As Baby Boomers are beginning to retire, jobs are opening up, thus the Silver Tsunami. According to the latest government data, there are now 522,000 open manufacturing jobs in the United States (an all-time high), and a recent report from Deloitte and The Manufacturing Institute (the National Association of Manufacturer’s social-impact arm) projects that 2.4 million manufacturing jobs will go unfilled over the next decade.
To fill these jobs more work will need to be done as misconceptions about the industry persist. For example, the study revealed that over half (53%) of the general population assumes the average salary of a mid-level manufacturing manager is under $60,000. In reality, the average salary for a manufacturing manager in 2018 was $118,500, according to the 2018 Salary Survey report from IndustryWeek. Generation Z grew up in the midst of the Great Recession, watched their older peers accumulate student debt, then struggle to pay it off with low-paying jobs right out of college. They are seeking higher paid jobs in a more transparent and open learning environment, and they’re increasingly open to alternative types of education and training. Barr believes manufacturing jobs can meet their needs and provide the diverse and rewarding work experience they crave.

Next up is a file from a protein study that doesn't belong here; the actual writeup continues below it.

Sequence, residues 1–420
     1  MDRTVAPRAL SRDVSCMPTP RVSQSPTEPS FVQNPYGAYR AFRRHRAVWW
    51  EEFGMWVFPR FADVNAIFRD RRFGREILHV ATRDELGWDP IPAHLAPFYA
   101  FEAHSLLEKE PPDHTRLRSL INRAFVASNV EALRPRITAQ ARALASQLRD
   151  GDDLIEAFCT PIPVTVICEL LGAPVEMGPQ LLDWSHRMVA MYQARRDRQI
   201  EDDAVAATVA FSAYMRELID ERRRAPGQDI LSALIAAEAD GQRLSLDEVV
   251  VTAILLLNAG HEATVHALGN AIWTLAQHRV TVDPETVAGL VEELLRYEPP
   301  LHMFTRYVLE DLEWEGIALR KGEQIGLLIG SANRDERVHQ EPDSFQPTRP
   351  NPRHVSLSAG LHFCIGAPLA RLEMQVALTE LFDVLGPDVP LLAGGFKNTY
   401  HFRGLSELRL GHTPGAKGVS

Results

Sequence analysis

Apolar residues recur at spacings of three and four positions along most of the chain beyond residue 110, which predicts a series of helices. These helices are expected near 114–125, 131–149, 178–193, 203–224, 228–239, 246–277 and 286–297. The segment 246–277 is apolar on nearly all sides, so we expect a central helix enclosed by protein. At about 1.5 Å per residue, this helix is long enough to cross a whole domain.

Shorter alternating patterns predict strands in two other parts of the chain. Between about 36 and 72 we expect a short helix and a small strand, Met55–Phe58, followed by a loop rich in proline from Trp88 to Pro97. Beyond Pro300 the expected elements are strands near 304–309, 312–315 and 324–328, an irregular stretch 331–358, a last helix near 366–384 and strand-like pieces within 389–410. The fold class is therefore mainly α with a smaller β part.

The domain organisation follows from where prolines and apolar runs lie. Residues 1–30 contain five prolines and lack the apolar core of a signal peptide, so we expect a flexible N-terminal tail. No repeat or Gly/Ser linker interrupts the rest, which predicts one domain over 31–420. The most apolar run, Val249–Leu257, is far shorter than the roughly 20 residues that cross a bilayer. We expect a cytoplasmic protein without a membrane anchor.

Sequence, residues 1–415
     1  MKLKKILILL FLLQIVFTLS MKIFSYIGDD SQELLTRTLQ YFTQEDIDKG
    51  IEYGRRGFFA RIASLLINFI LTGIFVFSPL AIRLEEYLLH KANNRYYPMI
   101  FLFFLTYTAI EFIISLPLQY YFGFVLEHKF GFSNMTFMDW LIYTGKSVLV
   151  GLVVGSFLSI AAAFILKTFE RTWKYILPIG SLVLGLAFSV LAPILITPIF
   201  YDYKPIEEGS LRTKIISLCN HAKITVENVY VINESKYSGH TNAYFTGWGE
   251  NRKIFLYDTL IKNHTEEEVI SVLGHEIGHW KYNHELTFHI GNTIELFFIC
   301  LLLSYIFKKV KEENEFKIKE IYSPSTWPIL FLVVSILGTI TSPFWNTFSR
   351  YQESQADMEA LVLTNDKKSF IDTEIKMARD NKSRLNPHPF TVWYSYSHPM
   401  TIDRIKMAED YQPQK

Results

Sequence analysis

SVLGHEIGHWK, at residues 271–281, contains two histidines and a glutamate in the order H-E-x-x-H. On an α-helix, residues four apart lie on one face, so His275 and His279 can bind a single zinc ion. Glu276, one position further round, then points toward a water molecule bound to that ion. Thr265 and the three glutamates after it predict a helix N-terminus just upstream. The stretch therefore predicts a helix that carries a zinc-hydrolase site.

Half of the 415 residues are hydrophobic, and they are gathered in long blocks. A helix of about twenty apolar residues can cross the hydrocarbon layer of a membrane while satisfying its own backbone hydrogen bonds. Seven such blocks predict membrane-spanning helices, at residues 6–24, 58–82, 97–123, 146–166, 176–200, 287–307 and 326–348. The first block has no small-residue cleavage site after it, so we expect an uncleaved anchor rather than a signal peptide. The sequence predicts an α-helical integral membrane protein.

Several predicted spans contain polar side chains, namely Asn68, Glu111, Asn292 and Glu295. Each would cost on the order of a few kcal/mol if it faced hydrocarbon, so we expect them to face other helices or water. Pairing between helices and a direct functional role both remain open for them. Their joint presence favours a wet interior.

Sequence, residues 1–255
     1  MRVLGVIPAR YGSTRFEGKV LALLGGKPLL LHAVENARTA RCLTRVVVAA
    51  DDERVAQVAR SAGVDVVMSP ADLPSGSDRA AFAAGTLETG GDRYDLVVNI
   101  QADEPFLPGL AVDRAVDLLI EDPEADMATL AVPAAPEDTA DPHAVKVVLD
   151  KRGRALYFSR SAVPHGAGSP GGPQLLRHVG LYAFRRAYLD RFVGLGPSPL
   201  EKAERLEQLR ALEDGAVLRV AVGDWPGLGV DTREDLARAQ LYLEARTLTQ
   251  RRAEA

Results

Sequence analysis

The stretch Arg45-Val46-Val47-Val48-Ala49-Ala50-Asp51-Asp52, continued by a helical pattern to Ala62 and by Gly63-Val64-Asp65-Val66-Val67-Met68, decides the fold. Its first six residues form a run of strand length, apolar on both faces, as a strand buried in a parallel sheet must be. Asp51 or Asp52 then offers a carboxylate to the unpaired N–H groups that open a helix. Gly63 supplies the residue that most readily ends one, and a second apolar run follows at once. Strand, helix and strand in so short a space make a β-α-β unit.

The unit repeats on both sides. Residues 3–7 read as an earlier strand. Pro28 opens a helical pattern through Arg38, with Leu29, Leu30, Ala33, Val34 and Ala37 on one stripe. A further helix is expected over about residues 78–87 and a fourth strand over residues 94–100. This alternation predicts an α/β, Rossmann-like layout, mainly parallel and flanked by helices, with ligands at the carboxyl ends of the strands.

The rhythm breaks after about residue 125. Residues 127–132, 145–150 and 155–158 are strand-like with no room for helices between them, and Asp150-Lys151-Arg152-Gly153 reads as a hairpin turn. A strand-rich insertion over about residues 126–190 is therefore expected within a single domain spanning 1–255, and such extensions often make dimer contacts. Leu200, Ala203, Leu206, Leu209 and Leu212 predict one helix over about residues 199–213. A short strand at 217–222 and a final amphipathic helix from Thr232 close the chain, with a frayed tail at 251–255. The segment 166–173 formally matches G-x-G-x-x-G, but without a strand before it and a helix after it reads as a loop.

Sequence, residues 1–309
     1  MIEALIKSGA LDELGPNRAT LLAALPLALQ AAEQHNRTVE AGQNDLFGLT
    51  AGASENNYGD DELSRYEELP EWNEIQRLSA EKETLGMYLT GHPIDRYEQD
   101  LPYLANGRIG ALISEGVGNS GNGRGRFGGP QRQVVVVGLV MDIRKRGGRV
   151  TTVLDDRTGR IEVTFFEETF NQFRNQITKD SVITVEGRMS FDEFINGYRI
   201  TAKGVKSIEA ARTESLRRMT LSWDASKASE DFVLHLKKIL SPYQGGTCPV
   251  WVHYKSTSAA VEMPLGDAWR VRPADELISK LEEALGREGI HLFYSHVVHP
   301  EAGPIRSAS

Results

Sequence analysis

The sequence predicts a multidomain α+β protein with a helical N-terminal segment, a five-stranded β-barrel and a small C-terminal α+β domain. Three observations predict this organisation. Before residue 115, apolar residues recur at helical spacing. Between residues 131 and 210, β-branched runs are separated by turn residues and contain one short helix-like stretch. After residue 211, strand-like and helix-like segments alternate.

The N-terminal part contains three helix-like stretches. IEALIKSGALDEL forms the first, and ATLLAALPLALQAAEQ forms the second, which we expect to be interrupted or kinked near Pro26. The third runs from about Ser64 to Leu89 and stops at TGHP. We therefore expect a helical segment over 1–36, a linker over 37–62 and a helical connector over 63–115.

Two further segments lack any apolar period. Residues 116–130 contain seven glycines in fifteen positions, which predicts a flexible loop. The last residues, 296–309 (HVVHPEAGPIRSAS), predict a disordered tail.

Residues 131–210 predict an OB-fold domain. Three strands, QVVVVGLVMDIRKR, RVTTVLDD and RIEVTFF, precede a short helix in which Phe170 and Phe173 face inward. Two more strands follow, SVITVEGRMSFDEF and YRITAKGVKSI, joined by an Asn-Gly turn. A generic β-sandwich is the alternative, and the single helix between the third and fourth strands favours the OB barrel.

Bigger cracks are forming across America’s manufacturing foundation as lackluster global demand and persistent trade tensions led to the first contraction in U.S. factory activity since September 2009. The IHS Markit manufacturing Purchasing Managers’ Index slipped to 49.9 from a final July reading of 50.4, according to a preliminary August report Thursday that trailed all estimates in Bloomberg’s survey of economists. Fifty is the dividing lines between expansion and contraction. The reading for the U.S. follow others from Europe and Japan that showed shrinking factory activity. The U.S. data underscore the challenge of a bifurcated economy faced by Federal Reserve Chairman Jerome Powell and his colleagues — a battered manufacturing sector, beset by global fragility and trade tensions, and an invigorated American consumer powered by still-robust employment and incomes. The IHS Markit’s gauge of manufacturing has declined five points since this year’s peak in January, according to the report which also showed the largest contraction in a decade for domestic orders and bookings from abroad.